The Co-operative Stores Abertillery

The Co-operative Stores Abertillery

The Co-operative Stores Abertillery.
In the late 1880’s there was small Co-operative Stores in the valley, there was a store at Cwmtillery situated in the entrance of the colliery at High Street. At this time the parent Co-operative Society Store was in Blaina, the manager was Mr T. W. Allen. It was decided that a Co-operative Society Store be set up at Abertillery Town and Mr Allen of Blaina was chosen to be the new manager at the Abertillery branch.

Plans were issued, the tender of Mr A. P. Williams of Abertillery at a price of £3,000 was accepted and the work on the building was started in about 1888.

The Official Opening.
On Monday October 6th 1890, the Co-operative Society Store in Church Street Abertillery was officially opened. The proceedings opened with a procession, the streets of the town were paraded by the co-operators headed by the Abertillery Temperance Brass Band. In the afternoon a co-operative conference took place which was presided over by Councillor W. H. Brown of Newport.

The Delegates.
The delegates were as follows – Mr Drew and Mr Whitmore (Blaina); Mr Moile and Mr Rees (Blaenavon); Mr Codrington (New Tredegar); Mr David Edwards (Cwmtillery); Mr Coles and Mr Forward (Risca); Mr Thomas Williams (Garndiffaith); Mr John Matthews (Pontnewynydd); Mr John Price District Secretary (Blaina); Mr W. Bryant Statistical Secretary (Blaenavon) and Mr Fred Long of the Wholesale Co-operative Society London.

After the conference tea was served to the delegates and the public. The waitresses who presided at the tea tables were as follows – Mrs Ashley; Mrs Handy; Mrs Bennett; Mrs Jenkins; Mrs Brewer; Mrs Snellgrove; Mrs Webber; Mrs Davies; Mrs Holer Mrs Coles; Mrs Francis; Mrs Collier; Mrs Richards; Mrs Williams; Mrs Challenger; Mrs J. Williams; Mrs Allen; Mrs A. P. Williams; Mrs Harding; Mrs Prosser: Messrs Ashley, Price and Handy acted as carvers. It was reported that 1,400 people were served with tea during the afternoon.

In the evening a public meeting was held at the Tillery Hall. The platform was occupied by Chairman Mr John Price; Mr Joseph Clay (Gloucester); Councillor Brown (Newport); Mr Fred Long (London): The entertainment was provided by Mr Eli Nash who rendered concertina solo’s and Mr Jos Collier gave violin selections. Mr W. J. Collier gave comic songs, accompanied by Mr Challenger and Miss M. A. Evans.

Description of the Building.
The building was 3 storey’s high, built with blue stone, relieved with buff and red bricks and also terracotta work. It was topped with a tasteful clock turret with the clock being supplied by Messrs Benson and Co of London. There were two shops devoted to grocery and drapery departments, the upper floors in the grocery section being devoted to ware rooms, while above the drapery department there was a spacious workroom on the first floor and a suitable committee room on the second floor. The shops were fitted up by Messrs Parnall and Co Bristol. The premises were illuminated by electric light, which was introduced at a cost of £600. The electric engine house and stables were situated at the back of the building.

The Contractor and Architect.
The contractor was Mr A. P. Williams of Abertillery. The architect was Mr James McBean surveyor to the Abertillery Local Board.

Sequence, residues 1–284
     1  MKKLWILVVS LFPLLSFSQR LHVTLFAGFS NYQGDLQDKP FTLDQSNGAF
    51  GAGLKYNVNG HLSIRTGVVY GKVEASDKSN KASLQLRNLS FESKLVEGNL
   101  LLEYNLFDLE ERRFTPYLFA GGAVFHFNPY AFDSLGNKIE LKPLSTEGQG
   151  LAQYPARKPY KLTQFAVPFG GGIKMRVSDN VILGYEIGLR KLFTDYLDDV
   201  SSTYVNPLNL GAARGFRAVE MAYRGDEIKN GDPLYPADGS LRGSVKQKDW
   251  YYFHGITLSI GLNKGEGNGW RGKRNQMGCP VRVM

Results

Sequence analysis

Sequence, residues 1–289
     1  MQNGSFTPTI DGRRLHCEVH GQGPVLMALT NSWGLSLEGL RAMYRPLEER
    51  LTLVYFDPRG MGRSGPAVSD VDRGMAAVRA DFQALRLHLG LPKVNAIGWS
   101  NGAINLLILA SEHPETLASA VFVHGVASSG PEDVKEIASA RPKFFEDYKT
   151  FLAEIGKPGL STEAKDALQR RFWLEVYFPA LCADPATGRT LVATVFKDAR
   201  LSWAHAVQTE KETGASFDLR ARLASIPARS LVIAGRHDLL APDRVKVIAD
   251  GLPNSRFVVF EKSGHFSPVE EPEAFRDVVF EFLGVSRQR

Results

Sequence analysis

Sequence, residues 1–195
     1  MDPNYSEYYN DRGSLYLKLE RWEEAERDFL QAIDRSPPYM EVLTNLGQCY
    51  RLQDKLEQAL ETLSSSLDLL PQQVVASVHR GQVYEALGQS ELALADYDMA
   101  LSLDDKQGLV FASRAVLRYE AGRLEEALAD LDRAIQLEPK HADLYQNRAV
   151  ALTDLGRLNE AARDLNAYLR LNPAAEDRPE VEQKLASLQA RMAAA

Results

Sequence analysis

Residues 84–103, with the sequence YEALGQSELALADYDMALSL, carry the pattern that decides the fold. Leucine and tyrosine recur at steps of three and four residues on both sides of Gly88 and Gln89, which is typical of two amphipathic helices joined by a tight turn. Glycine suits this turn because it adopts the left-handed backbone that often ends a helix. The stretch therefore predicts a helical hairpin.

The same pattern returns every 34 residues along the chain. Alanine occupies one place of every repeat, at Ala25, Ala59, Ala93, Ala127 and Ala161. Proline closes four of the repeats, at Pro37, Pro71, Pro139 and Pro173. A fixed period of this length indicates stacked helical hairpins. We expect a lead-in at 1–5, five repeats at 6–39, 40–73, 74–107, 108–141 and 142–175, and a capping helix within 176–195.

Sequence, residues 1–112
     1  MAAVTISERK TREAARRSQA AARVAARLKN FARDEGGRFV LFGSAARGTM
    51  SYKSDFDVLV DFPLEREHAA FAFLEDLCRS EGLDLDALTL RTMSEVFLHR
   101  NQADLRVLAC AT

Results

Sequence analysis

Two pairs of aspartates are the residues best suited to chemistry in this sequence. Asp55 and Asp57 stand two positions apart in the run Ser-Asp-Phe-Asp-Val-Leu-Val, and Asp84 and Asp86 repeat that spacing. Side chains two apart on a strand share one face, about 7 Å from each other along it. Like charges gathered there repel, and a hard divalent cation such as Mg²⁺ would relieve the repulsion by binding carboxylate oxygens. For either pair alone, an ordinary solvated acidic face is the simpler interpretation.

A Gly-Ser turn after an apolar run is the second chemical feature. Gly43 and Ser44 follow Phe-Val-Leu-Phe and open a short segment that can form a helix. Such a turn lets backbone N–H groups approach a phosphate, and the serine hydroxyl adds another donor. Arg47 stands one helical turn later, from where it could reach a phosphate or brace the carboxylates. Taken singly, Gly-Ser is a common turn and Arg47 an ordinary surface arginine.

When the store first opened the trade was said to have been between £16,000 and £18,000 per quarter. Over the following few years the population of Abertillery grew and the Co-operative Store in Church Street Abertillery became too small for purpose and plans were put forth for an extension to the current store. The store underwent considerable improvements.

In October 1902 a new bakery was installed and opened at the Abertillery Co-Operative Store.

The New Extension.
On Monday 10th August 1903 the new extension to the Abertillery Co-operative Store was opened. The store now had twenty-eight spacious rooms inclusive of shops for grocery, drapery, boots and shoes, millinery, out-fitting, butchery and furnishing. The was also a bake house in which there were eight well adapted ovens to meet the requirements and a splendid electrical plant where they produced their own electric light. In addition to that there was an assembly hall where the members and friends could meet. The cost of the new extension was £5,000 and all paid for out of their own share capital.

The Co-operative Stores Profits.
At this time it was stated that during the past 13 years, 1890-1903 the trade had grown from between £16,000 to £18,000 per quarter, to £48,000 per quarter at present 1903.

In the evening a procession was formed and headed by the Salvation Army Brass Band proceeded through the streets of Abertillery town to the Powell’s Tillery Gymnasium Hall. After the meeting entertainment was provided by Messrs Haysom and Prosser and Miss Gunter; Mr Amos Harding A.L.C.M. accompanying:

Small branches of the Co-operative Stores were as follows – Victoria Street Blaenau Gwent, Tillery Road Cwmtillery and Gwern Bethi Road Cwmtillery, Six Bells and one at Penybont Cwmtillery.

In 1937 it was reported the Co-operative Society had opened Funeral Services.

The Later Years.
The Co-operative Store at Abertillery closed in the 1980’s. The building and extension at street level was converted into small retail shops, accessed from the street with the main structure being converted into residential flats.   

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